Gasoline prices, already up about 12 cents in two weeks, are expected to bubble up at least another 10 percent before peaking in the spring.
"I do suspect that March will probably deliver the largest increases," said Tom Kloza, chief oil analyst at GasBuddy. "I think they top out, and then I think they drop back."
Gasoline is averaging nearly $3.41 per gallon nationally, up 6 cents from last week, according to AAA. Kloza expects to see regular unleaded gasoline rise to $3.70 a gallon by Easter Sunday, April 20.
"The worry I have for the summer is hurricane season. We have not had a hurricane strike the U.S. since we have been an export country. We export 1.3 million barrels of diesel and probably looking at exports of gasoline that are 700,000 barrels a day," he said, adding that U.S. export refineries tend to be along the Gulf Coast.
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GasBuddy.com has been forecasting more expensive gasoline because of the start of annual refinery maintenance for the shift to summer fuels.
Other factors include higher oil prices and lower output from European refineries.
"I'm expecting that gasoline prices over the next couple of weeks are going to rise and approach $3.50 a gallon nationwide," said Andrew Lipow of Lipow Oil Associates. "The main reason is actually that crude oil prices have been rising, as well as prices of gasoline futures."
WTI crude futures are now trading above $103 a barrel, after trading under $100 for several months.
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"We're in the midst of the refinery maintenance season, as we go through March," Lipow said. "Some supplies through the East Coast are going to be impacted by local refinery outages. Some are out and combing back at the end of February."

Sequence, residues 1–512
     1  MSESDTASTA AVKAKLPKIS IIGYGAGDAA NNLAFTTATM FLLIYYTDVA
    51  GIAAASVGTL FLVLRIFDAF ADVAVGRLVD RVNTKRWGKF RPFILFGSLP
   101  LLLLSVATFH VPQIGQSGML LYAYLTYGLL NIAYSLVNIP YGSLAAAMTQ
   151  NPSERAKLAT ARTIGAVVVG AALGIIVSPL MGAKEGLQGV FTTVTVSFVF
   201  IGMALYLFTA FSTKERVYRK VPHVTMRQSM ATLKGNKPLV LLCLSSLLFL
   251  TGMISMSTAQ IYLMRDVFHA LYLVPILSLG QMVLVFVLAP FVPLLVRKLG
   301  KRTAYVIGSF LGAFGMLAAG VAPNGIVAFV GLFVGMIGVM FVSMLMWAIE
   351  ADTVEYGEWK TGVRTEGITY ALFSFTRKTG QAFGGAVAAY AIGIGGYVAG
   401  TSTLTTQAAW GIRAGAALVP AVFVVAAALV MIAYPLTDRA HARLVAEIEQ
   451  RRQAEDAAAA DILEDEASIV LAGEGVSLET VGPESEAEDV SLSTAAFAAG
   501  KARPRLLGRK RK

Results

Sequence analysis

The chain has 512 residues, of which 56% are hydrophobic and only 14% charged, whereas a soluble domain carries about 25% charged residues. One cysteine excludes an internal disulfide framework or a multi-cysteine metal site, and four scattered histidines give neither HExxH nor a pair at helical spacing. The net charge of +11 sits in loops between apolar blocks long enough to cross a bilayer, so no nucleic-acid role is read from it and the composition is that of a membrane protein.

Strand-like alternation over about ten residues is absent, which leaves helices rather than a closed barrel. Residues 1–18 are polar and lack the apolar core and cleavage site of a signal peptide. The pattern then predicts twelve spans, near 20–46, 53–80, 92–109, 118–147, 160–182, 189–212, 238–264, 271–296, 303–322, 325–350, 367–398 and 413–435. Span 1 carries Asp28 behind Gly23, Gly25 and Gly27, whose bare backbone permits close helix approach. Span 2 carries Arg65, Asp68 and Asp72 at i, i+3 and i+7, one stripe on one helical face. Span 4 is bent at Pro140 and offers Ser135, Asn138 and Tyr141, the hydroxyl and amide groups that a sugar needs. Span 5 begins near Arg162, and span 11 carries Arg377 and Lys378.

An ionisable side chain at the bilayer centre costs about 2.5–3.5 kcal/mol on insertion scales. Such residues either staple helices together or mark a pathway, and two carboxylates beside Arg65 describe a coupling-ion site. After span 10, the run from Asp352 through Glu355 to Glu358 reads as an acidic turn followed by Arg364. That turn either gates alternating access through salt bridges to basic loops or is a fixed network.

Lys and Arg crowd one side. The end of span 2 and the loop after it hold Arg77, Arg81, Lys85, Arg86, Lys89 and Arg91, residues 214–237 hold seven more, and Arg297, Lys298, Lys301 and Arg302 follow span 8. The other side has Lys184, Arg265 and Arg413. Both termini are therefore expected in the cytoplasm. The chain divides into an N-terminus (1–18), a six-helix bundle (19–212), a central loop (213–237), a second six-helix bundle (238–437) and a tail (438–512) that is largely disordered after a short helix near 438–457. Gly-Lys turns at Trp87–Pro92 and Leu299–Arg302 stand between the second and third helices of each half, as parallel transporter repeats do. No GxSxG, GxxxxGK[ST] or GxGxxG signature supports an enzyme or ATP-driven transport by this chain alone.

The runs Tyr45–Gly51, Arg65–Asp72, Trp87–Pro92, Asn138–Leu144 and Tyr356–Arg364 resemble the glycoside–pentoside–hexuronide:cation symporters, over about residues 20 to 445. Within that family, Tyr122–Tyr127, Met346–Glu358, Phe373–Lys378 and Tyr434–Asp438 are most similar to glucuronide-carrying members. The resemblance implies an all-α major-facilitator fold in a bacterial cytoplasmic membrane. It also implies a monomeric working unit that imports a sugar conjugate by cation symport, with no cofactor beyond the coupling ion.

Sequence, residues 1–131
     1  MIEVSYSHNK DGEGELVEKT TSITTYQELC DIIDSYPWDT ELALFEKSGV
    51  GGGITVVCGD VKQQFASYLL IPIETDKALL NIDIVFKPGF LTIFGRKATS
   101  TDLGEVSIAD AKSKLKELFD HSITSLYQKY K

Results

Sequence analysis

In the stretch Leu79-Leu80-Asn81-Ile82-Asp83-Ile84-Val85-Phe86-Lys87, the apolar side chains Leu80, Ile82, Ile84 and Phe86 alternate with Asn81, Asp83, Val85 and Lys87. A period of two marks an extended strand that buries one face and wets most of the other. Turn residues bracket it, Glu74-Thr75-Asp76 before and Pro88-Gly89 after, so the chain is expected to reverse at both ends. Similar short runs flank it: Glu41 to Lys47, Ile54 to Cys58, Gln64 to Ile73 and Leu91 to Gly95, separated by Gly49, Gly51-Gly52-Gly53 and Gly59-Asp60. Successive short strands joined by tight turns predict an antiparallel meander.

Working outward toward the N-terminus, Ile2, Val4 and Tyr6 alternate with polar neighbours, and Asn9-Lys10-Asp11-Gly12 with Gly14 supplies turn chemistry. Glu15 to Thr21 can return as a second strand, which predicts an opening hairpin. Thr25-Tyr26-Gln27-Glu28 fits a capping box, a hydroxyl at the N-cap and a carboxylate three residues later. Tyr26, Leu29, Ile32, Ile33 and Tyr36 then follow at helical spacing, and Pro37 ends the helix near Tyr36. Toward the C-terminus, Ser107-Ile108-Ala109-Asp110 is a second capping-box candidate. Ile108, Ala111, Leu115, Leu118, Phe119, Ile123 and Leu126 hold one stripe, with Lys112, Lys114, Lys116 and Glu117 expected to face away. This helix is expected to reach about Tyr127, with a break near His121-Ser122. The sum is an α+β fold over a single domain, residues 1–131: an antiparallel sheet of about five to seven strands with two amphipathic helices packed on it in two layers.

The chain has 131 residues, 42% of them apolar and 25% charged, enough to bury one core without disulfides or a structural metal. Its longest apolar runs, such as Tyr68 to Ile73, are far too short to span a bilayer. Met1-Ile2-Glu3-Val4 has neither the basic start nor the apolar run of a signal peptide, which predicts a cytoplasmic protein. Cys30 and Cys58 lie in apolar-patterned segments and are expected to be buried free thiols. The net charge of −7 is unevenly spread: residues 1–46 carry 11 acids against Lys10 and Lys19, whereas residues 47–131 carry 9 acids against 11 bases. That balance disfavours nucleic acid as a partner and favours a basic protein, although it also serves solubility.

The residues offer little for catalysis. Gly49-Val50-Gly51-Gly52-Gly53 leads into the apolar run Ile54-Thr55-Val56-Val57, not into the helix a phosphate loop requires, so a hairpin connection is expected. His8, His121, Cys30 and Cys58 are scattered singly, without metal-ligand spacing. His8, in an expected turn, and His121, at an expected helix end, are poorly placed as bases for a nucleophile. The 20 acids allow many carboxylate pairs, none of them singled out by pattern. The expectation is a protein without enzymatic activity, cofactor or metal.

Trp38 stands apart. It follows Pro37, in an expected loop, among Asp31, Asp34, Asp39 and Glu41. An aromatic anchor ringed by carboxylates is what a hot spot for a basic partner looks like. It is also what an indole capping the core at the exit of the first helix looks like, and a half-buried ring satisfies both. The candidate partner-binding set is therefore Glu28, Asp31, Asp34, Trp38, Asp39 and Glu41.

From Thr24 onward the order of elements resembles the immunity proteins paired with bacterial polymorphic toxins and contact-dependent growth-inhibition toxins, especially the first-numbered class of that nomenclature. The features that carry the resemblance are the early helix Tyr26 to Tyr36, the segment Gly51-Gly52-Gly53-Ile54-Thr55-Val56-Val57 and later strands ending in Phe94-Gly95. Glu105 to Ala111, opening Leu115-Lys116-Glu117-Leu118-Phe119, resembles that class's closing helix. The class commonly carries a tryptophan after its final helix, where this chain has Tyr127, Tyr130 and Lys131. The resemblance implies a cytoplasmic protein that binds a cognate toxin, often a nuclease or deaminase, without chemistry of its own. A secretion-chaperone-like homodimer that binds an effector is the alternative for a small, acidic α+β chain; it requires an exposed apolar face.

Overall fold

Even with a quick jump in retail gasoline prices, the increase is likely to be below average for the annual winter-to-spring changeover.
The average increase in futures prices in the past 30 years has been 57 percent, which would be $1.40 a gallon, according to GasBuddy, though it expects a much smaller rise. Regular gas averaged $3.30 a gallon for the first six weeks of 2014, the cheapest since 2010.
Lipow predicts that prices will peak at about $3.70, and then head lower around Memorial Day, the start of the summer driving season. That's below last year's price, which was averaging $3.77 a gallon a year ago.
Kloza said the areas affected by the highest prices last year—including the Upper Midwest and Minnesota—will be well-supplied this summer. But the Northeast, California and, for a briefer time, the Southeast could be hit by higher tabs at the pump.
The refinery maintenance schedule is also affecting oil prices, and traders expect petroleum products to stay tight.
"Distillate fuels are so tight, it's supportive," said John Kilduff of Again Capital.
Supplies of those fuels, which including heating oil, are at their lowest levels in nearly two years and could be driven lower by the maintenance work.
—By CNBC's Patti Domm. Follow her on Twitter @pattidomm.